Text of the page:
OSM was searched by specific categories of shop. The equivalent searches of commercial engines relied on using similar keywords. While these two different approaches can produce similar numbers of results, there were also differences in the specific results that were obtained.
|Supermarkets and convenience stores around Maidenhead||Around 50 examples||Around 50 examples||Similar coverage, and similar mix. Both identify many convenience stores as a supermarket|
|Pet shops in Truro||None||Three, plus some variants, such as pet charities||OSM retail coverage is incomplete. Commercial search is more effective|
|Fishmongers across Norfolk||Around 60 examples||Around 40 examples||OSM coverage better within Norwich (though some duplicates) but thin elsewhere. Commercial search produces more results in coastal towns which are less well-mapped in OSM|
|DIY on Tyneside||Around 80 examples||Around 40 examples||Both find branches of major chains. Commercial search picks up smaller stores by name match, including some false-positives. OSM picks up some smaller hardware shops based on DIY tagging|
|Cafés in Harrogate||Around 20 examples||Around 70 examples||OSM retail coverage looks incomplete. Commercial search better at finding in-store cafés and similar, but also includes many false positives (e.g. restaurants)|
Inherently, the OSM search was looking for a particular “key=value” pair. I have no inside knowledge of exactly how commercial search engines do this, but it's well understood that - given a particular keyword - they use subtle algorithms to find equivalent matches within bodies of text. This includes some fuzzy searching using inflexions, synonyms and various matching algorithms to expand the scope of results beyond the specific keywords that were requested. For example, if we ask a search find “pharmcy” we are not surprised when it corrects the spelling to “pharmacy” and then retrieves “pharmacies”, pharmacist”, etc. We expect such a search to find retail pharmacies, but we are not surprised that it also retrieves university courses, job vacancies, drug manufacturers, and work by Damien Hirst as well.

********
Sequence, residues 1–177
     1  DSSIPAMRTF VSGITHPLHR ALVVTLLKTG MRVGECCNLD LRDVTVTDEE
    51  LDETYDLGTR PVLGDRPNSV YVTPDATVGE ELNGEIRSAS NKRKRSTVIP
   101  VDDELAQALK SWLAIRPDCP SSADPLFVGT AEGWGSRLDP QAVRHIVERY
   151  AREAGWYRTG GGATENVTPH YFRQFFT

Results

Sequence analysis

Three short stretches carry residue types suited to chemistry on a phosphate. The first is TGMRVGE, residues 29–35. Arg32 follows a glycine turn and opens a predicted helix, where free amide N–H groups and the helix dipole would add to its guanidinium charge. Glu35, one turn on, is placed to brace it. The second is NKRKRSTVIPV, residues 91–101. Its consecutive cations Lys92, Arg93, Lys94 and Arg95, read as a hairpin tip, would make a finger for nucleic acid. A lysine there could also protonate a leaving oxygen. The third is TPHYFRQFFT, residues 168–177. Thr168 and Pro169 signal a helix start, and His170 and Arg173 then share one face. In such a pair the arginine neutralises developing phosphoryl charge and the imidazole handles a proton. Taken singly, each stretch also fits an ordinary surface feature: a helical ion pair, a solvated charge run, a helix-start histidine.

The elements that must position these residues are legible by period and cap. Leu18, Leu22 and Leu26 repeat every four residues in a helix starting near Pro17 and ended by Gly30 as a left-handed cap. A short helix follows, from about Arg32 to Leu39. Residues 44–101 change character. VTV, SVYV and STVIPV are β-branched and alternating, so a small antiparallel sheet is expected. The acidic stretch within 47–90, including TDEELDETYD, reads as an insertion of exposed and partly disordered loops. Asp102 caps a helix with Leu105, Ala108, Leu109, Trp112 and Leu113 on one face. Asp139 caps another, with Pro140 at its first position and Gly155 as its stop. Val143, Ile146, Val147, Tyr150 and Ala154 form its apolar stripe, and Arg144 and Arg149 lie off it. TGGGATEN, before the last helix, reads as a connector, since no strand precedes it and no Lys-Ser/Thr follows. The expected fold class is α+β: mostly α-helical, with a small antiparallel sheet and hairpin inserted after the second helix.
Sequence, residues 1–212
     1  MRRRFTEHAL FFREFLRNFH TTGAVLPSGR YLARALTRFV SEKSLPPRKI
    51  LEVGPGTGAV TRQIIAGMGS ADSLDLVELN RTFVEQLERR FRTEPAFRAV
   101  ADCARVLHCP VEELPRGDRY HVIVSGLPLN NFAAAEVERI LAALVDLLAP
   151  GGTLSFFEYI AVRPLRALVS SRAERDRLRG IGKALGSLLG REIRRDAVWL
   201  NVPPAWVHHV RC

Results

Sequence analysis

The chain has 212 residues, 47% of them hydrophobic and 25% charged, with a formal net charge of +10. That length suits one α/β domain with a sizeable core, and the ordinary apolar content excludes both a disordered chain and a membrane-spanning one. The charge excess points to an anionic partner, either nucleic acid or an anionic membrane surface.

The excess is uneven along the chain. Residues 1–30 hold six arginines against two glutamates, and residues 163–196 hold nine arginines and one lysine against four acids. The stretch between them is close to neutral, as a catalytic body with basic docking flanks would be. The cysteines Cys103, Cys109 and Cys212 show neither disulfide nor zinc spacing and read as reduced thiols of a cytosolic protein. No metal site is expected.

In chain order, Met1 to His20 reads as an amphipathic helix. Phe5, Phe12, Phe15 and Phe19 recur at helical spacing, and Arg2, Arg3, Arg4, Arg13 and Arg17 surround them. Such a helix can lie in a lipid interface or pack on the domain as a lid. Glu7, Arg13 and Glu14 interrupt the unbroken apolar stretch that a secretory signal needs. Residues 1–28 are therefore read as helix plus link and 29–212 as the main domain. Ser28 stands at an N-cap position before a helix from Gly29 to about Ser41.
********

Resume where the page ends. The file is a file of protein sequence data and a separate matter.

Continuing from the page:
I suspect that commercial search engines are also embedding some assumptions about major retail chains. So, for example, if I search for a hardware shop they seem to have some understanding that branches of B&Q and Wickes will also be of interest.
By contrast, the assumed behaviour of data retrieval in OSM is that it will be based on a search for nodes, ways and relations that satisfy a specific set of documented values within a limited subset of available keys. This implicit assumption about how data retrieval will work has an effect on the way that contributors chose how to represent data.
Certainly this model has advantages, and opens up opportunities for users of OSM data that may be difficult to achieve with services that operate on a different search techniques. For example (and for some encouragement about the quality of data that OSM is already able to deliver), try searching for a café with wheelchair access in London.
It may, of course, be a reasonable assumption, that future OSM data retrieval will be heavily based on searching for combinations of specific key=value pairs, but this may also be too limiting as a way to think about how things will work. For example, an application that is asked to find a cycle shop could search both "shop=bicycle" and "name similar to Halfords". A search for a hardware shop could well re-cast this as a search for any combination of shop=hardware / doityourself / trade, or any outlet that is part of a chain that has a name like B&Q, Homebase, Wickes, Jewson, etc.
In summary: at its best, OSM is capable of outperforming a commercial search engine in terms of both the quantity and precision of the results obtained. Generally searches based on OSM data should retrieve fewer false positives because they can draw (to a greater extent) on a degree of data structure. However, successful retrieval of data from OSM relies heavily on the volume of data recorded, of a particular type of shop, within a particular area.
OSM coverage tends to vary more from place to place. In areas where OSM coverage is around 50-60% of retail premises then my impression is that data users can expect the results of a search of OSM to match the volume of data retrieved from a commercial search engine. Commercial search engines do not find every retail outlet, so in places where OSM coverage is almost complete data users can expect better results from OSM. However, for most retail formats, across much of the UK a search for retail premises on OSM is less effective in retrieving results than a commercial search engine.